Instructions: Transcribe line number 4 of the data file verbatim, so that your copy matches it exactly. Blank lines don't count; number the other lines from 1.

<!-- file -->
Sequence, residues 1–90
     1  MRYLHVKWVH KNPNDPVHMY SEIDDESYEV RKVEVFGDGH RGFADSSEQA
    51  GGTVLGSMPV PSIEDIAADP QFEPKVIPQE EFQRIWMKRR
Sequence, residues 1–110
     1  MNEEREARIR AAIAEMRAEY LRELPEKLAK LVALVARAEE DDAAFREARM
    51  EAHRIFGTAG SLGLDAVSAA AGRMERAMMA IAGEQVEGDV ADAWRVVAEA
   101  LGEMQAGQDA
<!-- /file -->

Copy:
Sequence, residues 1–110